Don’t Buy It: Your Wish List

26 05 2009

So I have this list. Kind of a dream list, or a bucket list. It has the things I’d ideally like to be doing with my life, the kind of place I’d like to live, things I’d like to have but cannot afford. Maybe you have a list like this, too.

I’ve been keeping the list for a couple of years now, and recently I noticed something interesting about it: Some of the things had crossed over from “wants” to “haves.” A place to go swimming and an ice-rink, for example — I always wanted those. Well, last summer I moved and bought a house that happens to have 75 feet of lakeshore and a sand beach. It came with a dock, a powerboat, and one of those swimming floats with a slide and diving board. Personal swimming hole: check. I now officially have nothing to complain about, right?

When winter came, my husband (bless his heart) shoveled off a regulation size hockey rink. Over and over again. (We live in New Hampshire. There is some snow.) My son was given hockey goals for Christmas.  Private ice rink: check.

You know where this is going, right?

So, guess how many times I went skating last winter? Zero. And how many times did I go swimming? Zero again.

The most luxurious house I have ever or likely will ever own, and I don’t even appreciate it. And yet here I am, looking for ways to tick off more things on my list. So today I sat down, looked at the list, and noticed this pattern. What I have been doing is working hard — very hard — to collect all the things (career, objects, work, people) on my list, obtaining some of them, and then feeling exactly no different (well, except more exhausted) than before.

I’m a scientist, and scientists use previously collected data to predict the future. And my future with this pattern of wishes fulfilled by hard work and achievement looked…. grim.

But what to do instead? If even my fondest wishes are steering me into misery and overconsumption, then what?

Well, today I looked at my list with a fresh eye. For each item on my list, I asked myself: what would you be doing that would be so much fun, if you had this thing in your life? In other words, I took all my wishes, and changed them from nouns into verbs.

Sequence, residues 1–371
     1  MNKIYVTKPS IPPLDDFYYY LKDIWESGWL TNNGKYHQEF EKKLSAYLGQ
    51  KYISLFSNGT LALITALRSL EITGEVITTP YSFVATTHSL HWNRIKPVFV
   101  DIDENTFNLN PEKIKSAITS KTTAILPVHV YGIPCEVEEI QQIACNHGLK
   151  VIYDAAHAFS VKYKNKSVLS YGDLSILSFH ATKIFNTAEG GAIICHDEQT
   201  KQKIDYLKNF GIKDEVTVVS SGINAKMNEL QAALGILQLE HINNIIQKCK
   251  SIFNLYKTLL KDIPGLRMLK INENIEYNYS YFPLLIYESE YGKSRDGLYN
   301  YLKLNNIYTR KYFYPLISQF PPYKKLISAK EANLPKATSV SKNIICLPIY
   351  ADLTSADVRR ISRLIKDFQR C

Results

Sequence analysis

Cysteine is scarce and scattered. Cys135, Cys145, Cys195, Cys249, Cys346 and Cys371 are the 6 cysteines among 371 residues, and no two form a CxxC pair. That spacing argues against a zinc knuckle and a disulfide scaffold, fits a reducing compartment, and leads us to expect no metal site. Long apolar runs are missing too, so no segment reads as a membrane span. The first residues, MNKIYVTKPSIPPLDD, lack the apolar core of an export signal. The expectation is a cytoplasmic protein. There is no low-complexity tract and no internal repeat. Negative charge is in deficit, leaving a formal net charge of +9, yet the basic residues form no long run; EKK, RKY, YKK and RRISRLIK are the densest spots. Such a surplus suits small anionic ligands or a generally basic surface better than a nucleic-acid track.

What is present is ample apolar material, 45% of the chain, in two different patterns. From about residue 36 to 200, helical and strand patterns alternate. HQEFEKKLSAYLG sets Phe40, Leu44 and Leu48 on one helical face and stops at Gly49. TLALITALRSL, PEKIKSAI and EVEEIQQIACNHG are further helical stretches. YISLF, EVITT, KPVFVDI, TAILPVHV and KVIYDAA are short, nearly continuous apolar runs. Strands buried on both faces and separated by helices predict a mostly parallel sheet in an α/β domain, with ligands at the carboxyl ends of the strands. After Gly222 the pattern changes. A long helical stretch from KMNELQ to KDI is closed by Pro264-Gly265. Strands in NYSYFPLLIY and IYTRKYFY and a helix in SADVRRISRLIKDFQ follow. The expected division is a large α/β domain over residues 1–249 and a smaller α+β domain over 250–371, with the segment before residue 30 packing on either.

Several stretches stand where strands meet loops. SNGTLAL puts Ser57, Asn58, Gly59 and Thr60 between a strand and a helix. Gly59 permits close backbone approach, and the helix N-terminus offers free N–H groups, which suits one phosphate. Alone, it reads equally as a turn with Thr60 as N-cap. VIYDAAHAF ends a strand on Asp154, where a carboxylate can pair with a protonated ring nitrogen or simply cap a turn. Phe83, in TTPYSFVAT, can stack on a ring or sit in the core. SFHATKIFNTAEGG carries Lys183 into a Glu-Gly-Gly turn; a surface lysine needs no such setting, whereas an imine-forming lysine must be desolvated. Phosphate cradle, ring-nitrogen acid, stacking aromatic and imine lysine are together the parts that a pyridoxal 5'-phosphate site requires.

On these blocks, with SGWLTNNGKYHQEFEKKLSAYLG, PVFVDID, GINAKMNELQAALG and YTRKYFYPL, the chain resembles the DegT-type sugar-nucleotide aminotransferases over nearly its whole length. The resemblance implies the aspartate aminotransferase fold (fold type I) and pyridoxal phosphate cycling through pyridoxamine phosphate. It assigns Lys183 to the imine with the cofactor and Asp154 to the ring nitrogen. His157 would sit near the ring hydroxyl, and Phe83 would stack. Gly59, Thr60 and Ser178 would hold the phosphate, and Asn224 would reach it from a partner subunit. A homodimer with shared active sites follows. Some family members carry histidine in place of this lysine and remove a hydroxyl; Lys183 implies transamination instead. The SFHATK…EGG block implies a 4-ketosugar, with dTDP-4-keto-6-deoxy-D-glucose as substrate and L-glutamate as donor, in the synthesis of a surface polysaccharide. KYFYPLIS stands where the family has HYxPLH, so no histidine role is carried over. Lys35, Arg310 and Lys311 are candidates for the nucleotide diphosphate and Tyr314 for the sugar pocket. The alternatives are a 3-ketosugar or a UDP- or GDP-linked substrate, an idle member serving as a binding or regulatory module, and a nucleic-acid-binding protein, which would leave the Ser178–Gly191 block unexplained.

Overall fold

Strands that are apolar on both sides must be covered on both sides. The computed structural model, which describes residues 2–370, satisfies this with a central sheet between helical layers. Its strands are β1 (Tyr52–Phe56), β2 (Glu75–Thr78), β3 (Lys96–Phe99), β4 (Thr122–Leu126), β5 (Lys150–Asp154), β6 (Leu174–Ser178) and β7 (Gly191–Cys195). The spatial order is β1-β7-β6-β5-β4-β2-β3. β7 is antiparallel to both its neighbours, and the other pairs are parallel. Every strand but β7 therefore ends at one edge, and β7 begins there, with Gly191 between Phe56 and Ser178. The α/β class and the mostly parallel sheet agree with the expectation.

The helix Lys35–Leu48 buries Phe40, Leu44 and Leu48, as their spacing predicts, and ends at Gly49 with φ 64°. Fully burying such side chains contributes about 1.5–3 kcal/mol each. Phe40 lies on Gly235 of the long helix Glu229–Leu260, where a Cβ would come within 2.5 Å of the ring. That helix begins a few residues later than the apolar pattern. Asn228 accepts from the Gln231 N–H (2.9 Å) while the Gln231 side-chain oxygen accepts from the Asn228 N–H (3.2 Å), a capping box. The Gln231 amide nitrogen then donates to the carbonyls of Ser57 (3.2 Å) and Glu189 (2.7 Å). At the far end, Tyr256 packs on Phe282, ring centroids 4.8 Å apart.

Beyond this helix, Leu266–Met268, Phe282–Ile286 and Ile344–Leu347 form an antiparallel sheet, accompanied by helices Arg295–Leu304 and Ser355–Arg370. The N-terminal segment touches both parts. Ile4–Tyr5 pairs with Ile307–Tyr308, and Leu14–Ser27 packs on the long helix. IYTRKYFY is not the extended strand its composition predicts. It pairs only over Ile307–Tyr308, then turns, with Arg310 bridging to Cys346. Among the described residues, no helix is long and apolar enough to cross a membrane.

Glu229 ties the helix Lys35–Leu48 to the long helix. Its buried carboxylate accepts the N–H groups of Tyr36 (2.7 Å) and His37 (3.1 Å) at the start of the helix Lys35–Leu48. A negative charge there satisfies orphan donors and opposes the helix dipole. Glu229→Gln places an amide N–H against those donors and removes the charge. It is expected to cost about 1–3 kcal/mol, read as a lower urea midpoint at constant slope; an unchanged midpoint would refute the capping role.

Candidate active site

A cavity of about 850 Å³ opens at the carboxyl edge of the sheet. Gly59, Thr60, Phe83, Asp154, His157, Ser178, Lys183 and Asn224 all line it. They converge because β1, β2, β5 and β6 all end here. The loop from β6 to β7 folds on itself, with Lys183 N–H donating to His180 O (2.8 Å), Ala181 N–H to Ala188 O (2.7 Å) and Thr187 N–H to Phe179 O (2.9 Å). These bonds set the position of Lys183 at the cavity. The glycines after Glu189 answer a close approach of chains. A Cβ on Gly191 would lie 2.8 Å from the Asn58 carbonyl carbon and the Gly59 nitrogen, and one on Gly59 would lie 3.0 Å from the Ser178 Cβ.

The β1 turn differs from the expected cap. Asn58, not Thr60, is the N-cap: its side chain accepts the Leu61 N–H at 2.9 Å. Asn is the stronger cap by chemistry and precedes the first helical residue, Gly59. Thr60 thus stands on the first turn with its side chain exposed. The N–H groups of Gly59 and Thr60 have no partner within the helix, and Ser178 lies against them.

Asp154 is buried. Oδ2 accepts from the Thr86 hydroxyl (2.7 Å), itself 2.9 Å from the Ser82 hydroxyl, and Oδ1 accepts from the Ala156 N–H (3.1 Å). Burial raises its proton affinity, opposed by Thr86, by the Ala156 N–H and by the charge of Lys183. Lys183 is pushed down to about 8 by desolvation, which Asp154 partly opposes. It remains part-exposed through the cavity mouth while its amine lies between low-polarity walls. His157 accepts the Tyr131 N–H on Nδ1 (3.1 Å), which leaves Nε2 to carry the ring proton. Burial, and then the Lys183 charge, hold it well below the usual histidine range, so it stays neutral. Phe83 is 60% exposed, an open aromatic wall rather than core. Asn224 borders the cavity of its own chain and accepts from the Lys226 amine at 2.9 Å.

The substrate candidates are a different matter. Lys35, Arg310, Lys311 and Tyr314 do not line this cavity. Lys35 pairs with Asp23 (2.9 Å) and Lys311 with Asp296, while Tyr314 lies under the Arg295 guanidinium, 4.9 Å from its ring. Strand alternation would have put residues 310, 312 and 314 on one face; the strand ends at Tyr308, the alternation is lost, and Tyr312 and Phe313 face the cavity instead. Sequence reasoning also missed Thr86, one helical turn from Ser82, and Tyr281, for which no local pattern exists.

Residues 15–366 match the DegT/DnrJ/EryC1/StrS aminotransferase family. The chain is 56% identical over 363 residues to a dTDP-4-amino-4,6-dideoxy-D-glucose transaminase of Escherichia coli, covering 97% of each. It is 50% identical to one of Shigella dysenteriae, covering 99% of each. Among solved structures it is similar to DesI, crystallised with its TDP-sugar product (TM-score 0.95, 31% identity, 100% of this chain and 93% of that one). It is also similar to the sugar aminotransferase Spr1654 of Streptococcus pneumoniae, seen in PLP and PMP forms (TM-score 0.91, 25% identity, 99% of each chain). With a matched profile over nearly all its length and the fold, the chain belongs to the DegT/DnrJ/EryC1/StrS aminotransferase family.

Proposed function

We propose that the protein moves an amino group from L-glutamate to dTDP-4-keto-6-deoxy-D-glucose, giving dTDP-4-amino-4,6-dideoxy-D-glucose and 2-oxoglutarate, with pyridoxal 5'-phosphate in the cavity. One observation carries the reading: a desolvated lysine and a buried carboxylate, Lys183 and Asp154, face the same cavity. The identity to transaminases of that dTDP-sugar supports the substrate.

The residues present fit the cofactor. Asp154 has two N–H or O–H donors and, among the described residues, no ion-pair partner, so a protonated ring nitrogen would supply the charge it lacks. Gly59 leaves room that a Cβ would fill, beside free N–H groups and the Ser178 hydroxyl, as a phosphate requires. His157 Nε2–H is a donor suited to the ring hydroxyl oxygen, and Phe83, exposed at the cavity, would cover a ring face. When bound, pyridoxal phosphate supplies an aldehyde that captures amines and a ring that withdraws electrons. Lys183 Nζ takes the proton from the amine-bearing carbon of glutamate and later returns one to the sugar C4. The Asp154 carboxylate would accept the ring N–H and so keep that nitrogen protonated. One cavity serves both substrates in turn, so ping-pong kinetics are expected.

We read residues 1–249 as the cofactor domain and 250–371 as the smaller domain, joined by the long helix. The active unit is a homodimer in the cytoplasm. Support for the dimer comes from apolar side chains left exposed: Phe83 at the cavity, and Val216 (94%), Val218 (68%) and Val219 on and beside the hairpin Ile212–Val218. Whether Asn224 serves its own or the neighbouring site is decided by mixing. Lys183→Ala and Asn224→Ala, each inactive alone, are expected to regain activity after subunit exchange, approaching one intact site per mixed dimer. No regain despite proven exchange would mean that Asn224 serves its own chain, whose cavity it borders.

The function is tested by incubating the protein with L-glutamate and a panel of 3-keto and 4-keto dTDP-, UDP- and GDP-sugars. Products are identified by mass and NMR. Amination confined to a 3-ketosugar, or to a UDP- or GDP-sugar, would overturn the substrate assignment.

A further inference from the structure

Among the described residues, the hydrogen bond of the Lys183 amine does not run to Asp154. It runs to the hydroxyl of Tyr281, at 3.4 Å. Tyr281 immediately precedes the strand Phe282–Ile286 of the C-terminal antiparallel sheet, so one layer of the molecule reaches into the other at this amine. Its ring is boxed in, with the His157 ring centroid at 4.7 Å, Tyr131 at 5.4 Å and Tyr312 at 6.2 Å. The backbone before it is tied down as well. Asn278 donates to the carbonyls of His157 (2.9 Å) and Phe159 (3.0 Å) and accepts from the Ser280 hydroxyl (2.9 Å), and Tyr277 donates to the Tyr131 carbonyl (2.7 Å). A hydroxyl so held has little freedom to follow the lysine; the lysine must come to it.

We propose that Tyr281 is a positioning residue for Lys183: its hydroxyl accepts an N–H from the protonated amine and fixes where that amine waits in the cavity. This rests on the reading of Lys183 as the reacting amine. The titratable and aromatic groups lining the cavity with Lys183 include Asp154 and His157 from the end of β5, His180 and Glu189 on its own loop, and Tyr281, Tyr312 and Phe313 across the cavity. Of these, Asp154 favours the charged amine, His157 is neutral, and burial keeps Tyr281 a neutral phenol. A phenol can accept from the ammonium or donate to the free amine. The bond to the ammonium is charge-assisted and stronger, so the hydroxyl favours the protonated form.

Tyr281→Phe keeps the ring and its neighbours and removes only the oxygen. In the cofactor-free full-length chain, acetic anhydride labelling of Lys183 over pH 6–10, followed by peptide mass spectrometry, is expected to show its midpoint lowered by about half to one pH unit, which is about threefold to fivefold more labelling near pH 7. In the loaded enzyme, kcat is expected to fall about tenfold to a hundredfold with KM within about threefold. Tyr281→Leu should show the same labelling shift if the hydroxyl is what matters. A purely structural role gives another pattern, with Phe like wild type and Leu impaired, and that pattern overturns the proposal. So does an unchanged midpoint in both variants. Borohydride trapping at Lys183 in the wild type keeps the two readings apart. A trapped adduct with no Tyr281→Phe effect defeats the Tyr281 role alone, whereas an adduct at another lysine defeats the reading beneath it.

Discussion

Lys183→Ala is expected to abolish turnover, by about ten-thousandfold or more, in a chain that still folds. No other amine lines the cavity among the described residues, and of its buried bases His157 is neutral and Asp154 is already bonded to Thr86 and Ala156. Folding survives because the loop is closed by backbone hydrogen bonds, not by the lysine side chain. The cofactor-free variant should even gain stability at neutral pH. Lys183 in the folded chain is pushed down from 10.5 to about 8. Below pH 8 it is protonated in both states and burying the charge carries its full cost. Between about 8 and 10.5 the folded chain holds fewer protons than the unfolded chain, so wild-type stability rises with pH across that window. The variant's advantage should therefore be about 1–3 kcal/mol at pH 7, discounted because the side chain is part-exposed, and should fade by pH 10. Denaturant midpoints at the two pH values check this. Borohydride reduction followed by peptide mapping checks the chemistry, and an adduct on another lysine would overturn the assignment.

For example, this was part of my old “wish list”:

  • Hot tub
  • sauna
  • stone wood stove
  • solar hot water
  • geothermal/wood heat
  • wind/solar electricity
  • minimal utility use
  • greater harvest canning/drying/preserving
  • composting toilet with bidet seat
  • big kitchen
  • gold and white room
  • a Japanese-style tea room/guesthouse
  • a tree house
  • a large dining yurt and indoor/outdoor kitchen with stone fireplace.

Can you imagine how much money or D-I-Y effort it would take to get all that? When I look at this list, I feel equal parts excited and hopeless. It seems so hard to get all of that. How could I ever be happy?

But look, here’s the same portion of the new list:

  • Hot baths
  • Hot baths with company
  • Sitting in front of the fire
  • Not harming the planet
  • Canning food
  • Drying food
  • Preserving food
  • Washing dishes
  • Being washed by someone else
  • Sitting down with others to prepare food
  • Having a tea ceremony
  • Climbing trees
  • Sitting with a friend or a lover in the tree tops
  • Being whimsical/fanciful
  • Having guests
  • Not having to clean much
  • Having dinner parties indoors
  • Having dinner parties outdoors
  • Having tea and reading/writing in the trees
  • Sleeping on the floor in a big room all together
  • Sweating, then cooling off in the lake

When I finished this second list, this list of wish verbs, I felt excited, and liberated, and so free! Everything on the verb list sounds fun and satisfying to me, and everything on the list I could do right now. Most of it costs nothing, and could be done on any weekend or evening, just for the joy of it. My verb list has so much joy in it, in fact, I couldn’t wait to hang it up at home, for inspiration on some bored and listless day.

Both lists capture the kind of life I want to be living. But one list is effortless and light, and the other list is full of work, and maybe pain. And yet there’s only one difference between them:  One list captures my life in the things I could buy, if I only had enough. (Except, who ever has enough?)

The other captures my life as I live it — in verbs, in actions, in a thousand joyous moments, free for the choosing, free for the taking.

What happens when you convert your wishes from nouns into verbs?




2 responses

17 06 2009

Hi –

This is a great article! You’ve hit the target, -and I’m going to start my new verb-centered list immediately. I can’t wait to shed all that burden of acquiring things that is a requirement of my current list – and I can see the upcoming relief in my mind’s eye already! I’m going to send your article to my kids, too. Everyone should read it, really.

You are very very clever!

Thanks so much! – Pam

17 06 2009

Thanks so much! Glad you enjoyed!

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